Robert Maas


Robert Maas grew up in England. Unsurprisingly, he thinks the English catastrophe novel is the highest form of fiction. From Wells and Wyndham to Ballad and beyond, he has reveled in the multitude of ways in which his home has been destroyed by marauding and discriminating aliens.

He now lives in Tokyo, enabling him to experience the destruction of his home in many new and inventive ways.

Smashwords Interview

What got you reading?
Where I grew up in the English countryside, there were no bookshops or even libraries of any size – just a couple of newsagents in the nearest town, and Woolworth's which sometimes had bargain bins of American paperbacks. For some reason, this Woolworth's had a bin full of remaindered, yellow-painted, notched American paperbacks of James Tiptree Jr.'s short story collection “Ten Thousand Light Years From Home.” It seems to me now suspiciously like a government science experiment. Feed an isolated community with Tiptree, see what results. I'd hate to think the whole town was as damaged by this book as me! Apart from that, I got my earliest books from village jumble sales. These were charity sales where villagers would donate unwanted items to the church, which would then lay them all out on tables in the school hall and sell them back to other villagers. The first book I found, maybe when I was eight or nine, was an old first issue paperback of the Michael Moorcock-edited anthology “The Traps Of Time,” with the reaching hands on the cover. I hadn't even started on juvenile fiction and there I was wrestling with this thing! It's still the most mind-blowing anthology I've ever read. That was when the lightbulb switched on for me.
Did you always want to be a writer?
Yes, but I was persistently told that it was impossible, so I never seriously considered it. I can understand why. The only outlet for a writer in a rural community would be as a journalist for the local newspaper, covering vegetable shows and fox hunting meets and whatever the Rotarians were doing that fortnight. I was determined to get out of the countryside as soon as it was viable, but writing was too chancy a means. Having ruled it out, I had no idea what I wanted to be. I thought of becoming a commercial artist, and indeed I’ve spent a good part of my working life as a graphic designer. I thought I might be an architect. In England at the time, you had to choose three subjects at age 16 to study for your A level exams at age 18. I chose the three most incompatible subjects I could think of: English, Art and Physics. I didn’t want to close any possible door. When I left school I wanted to be a scientist, so I trained to be a priest – go figure. I wrote obsessively from the very start. As soon as I got a typewriter when I was 12, I became a prolific writer of whatever juvenile nonsense I was into blurting out at the time. Until my late teens, that tended to be grim explorations of the fragile human heart – write about what you know, I suppose. In my case, love, hate and hormones. I think I honed most of my writing skills in composing love letters to girls at school. Well, this approach failed – let's try this. And hence to advertising, commercial writing, and the thought-leadership work I now do.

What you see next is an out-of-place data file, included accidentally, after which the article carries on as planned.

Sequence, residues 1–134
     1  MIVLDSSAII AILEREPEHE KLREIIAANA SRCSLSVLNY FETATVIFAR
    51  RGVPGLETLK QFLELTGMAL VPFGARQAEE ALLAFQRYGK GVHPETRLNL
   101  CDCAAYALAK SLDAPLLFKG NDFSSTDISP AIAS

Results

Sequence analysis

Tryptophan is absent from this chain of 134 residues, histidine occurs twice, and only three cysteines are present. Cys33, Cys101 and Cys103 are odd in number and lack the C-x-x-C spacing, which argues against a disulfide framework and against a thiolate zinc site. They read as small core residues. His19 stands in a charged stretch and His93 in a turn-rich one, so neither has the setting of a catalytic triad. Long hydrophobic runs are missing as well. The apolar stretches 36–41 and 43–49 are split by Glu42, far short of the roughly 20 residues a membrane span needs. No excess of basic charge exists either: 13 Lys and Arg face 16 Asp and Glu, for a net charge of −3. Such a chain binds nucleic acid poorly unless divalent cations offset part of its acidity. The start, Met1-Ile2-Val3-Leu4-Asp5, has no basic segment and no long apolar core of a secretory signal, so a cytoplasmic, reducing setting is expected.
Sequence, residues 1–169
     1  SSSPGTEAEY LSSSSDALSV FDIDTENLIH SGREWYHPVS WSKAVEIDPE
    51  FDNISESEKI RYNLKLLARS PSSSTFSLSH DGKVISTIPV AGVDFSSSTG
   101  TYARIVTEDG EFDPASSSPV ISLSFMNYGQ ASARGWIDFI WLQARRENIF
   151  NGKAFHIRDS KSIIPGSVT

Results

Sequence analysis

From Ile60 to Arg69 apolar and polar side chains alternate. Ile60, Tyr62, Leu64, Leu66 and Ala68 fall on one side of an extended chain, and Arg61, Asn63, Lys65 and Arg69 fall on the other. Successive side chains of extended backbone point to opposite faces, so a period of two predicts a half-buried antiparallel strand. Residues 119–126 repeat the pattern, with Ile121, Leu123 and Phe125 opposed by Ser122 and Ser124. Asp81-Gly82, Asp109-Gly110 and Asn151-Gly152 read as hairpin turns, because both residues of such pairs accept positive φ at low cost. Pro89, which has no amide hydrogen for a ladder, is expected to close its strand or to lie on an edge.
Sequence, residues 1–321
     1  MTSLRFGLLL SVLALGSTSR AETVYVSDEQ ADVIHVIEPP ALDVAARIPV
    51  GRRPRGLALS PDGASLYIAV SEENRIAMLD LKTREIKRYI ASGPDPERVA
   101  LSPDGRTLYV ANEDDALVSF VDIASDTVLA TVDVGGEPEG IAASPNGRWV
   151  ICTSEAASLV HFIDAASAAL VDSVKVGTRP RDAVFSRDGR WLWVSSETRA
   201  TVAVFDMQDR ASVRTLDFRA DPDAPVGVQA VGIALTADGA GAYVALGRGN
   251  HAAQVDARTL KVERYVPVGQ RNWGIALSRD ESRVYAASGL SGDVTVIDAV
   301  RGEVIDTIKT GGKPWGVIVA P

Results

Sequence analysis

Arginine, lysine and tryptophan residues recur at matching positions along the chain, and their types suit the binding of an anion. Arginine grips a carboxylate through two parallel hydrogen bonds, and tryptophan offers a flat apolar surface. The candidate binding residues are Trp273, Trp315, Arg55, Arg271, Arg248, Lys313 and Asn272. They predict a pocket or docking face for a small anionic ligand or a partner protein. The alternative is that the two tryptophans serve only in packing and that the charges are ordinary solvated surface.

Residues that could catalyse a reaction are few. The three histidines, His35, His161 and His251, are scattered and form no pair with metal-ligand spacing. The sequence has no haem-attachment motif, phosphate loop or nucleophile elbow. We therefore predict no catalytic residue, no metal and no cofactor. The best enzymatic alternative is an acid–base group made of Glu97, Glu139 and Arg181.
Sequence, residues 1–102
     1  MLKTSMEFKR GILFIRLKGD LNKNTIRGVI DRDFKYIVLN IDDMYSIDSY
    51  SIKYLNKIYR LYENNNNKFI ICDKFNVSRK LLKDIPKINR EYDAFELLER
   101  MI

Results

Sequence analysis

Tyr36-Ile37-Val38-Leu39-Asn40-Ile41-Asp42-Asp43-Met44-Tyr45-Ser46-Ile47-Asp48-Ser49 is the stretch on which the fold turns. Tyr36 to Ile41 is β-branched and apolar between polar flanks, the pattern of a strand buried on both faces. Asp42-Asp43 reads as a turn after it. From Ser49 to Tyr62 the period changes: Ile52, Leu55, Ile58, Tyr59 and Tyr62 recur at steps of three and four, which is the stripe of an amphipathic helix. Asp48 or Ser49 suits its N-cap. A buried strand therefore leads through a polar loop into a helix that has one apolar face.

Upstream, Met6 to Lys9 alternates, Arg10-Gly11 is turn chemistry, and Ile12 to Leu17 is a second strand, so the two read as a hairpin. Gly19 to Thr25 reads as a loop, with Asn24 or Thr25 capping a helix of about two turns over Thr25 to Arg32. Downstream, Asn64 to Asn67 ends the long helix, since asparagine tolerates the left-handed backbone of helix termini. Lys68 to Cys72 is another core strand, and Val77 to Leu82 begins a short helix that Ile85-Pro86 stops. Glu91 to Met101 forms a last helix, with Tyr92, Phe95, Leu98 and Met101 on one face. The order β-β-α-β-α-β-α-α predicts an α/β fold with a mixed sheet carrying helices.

Read more of this interview.

Where to find Robert Maas online


This member has not published any books.